A futures contract is a written agreement that specifies the quantity, price, quality, and terms for delivering these goods at a predetermined future date. These contracts are traded to mitigate risk and generate a profit from price movement.
Future trading is a way to handle the challenges of maintaining a perennial supply of products, especially seasonal crops. It also protects producers and suppliers from massive swings in prices for a commodity. Besides managing price risk, futures also help in price discovery.
From serving as simple futures markets in the past to currently operating as exchanges backed by advanced analytics and sophisticated products, commodities markets have come a long way. Here’s a detailed look at the evolution of the commodity markets over the ages.
4500 BC: The Early History
The earliest form of commodity trading is said to have originated between 4500 BC and 4000 BC in Sumer, located between the Tigris and Euphrates river region (which is in modern-day Iraq).1 Initially, Sumerians used clay tokens enclosed in a clay vessel known as an ‘envelope,’ as well as clay writing tablets to denote the number of goods to be delivered. These kinds of commitments of time and date of delivery closely resemble a futures contract. These contracts used to be settled after the seller delivered their goods by the date imprinted on the token.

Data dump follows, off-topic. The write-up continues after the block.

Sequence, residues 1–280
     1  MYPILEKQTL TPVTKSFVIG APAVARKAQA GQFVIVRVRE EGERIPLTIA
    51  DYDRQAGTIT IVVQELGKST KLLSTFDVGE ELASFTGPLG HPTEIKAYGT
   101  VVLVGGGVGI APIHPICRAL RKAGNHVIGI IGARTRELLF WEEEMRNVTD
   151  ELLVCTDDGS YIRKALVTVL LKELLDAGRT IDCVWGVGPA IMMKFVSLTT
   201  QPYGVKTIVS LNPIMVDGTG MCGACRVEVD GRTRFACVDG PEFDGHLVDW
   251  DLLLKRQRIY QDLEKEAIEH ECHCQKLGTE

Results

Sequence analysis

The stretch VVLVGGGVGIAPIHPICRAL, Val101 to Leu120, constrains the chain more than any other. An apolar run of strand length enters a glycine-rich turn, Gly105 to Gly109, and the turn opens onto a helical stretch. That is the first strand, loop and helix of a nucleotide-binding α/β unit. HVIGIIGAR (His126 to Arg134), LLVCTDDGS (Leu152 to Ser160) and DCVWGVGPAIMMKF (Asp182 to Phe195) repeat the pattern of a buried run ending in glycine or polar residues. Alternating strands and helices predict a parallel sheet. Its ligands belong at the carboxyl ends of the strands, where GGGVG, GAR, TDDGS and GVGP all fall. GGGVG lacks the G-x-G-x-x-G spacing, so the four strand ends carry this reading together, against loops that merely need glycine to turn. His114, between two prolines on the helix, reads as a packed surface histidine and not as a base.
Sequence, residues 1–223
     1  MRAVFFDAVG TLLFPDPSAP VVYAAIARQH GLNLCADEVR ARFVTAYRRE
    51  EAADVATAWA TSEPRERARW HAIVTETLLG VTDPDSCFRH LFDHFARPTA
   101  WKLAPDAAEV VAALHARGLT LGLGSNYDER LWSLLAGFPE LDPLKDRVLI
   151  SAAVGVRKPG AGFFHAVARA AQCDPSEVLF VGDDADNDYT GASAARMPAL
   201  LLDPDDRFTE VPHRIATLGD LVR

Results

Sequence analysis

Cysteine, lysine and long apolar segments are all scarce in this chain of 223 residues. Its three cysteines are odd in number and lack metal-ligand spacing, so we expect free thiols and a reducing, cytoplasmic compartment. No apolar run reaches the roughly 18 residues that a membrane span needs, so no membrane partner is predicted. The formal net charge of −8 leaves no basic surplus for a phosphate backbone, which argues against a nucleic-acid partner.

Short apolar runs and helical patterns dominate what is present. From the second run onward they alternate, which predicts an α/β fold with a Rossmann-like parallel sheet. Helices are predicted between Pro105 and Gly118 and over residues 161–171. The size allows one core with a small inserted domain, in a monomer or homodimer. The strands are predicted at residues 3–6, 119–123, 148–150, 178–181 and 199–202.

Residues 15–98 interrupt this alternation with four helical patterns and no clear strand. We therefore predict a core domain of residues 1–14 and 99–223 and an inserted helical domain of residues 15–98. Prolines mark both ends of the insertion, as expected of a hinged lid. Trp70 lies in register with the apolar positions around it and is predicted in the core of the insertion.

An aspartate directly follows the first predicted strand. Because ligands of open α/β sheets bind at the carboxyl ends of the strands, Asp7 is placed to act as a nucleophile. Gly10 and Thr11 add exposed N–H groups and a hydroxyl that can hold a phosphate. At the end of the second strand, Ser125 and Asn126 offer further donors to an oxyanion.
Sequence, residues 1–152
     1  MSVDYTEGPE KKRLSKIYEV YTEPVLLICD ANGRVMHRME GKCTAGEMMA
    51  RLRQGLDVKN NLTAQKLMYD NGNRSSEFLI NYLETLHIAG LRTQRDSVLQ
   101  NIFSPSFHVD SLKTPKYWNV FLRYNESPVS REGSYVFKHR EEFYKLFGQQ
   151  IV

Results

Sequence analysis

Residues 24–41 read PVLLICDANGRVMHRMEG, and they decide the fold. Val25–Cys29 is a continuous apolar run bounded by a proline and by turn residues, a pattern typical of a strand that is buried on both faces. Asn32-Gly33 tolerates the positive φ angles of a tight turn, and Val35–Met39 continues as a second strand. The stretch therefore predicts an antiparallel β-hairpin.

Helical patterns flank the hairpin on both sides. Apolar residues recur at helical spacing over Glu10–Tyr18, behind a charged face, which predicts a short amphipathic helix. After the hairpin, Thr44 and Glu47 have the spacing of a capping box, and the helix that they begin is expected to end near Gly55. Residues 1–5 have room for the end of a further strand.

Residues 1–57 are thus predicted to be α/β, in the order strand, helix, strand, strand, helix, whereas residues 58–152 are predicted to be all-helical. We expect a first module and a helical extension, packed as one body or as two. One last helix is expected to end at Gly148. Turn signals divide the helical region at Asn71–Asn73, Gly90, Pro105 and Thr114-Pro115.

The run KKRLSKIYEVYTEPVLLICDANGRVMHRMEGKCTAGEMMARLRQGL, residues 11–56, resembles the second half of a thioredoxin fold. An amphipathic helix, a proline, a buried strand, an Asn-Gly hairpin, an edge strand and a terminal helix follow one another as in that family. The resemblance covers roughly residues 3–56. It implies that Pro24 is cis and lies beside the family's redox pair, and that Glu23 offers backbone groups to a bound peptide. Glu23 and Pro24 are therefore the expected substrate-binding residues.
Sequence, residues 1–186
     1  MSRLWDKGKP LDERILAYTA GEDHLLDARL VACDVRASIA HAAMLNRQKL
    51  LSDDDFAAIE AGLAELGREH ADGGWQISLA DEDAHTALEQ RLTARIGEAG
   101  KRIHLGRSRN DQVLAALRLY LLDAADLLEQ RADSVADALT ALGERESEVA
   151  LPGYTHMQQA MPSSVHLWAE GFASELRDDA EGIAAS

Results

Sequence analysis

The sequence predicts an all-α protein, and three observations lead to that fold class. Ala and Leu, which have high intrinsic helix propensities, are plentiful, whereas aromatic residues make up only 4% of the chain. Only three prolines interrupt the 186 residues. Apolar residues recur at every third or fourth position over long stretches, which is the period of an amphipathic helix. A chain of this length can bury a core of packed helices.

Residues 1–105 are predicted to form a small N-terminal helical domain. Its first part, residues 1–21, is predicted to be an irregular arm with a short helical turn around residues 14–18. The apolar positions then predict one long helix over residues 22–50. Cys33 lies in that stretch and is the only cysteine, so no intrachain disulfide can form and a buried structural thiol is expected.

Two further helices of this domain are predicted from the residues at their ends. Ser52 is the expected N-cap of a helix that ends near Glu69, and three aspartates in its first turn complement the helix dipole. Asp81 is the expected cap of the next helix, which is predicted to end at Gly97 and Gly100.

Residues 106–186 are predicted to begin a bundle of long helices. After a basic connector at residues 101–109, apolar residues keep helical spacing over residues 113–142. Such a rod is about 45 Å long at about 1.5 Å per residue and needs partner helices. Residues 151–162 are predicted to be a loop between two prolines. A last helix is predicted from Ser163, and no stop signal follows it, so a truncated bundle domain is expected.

Another early reference to commodities trading can be found in Mesopotamia in the late 1700s B.C, where the ruler’s code governed laws of trade and commerce. Hammurabi was a king of Babylon who engraved the laws on stone slabs.2 The code of Hammurabi covered almost every trade law at that time and formed the background for Babylonian and Assyrian laws.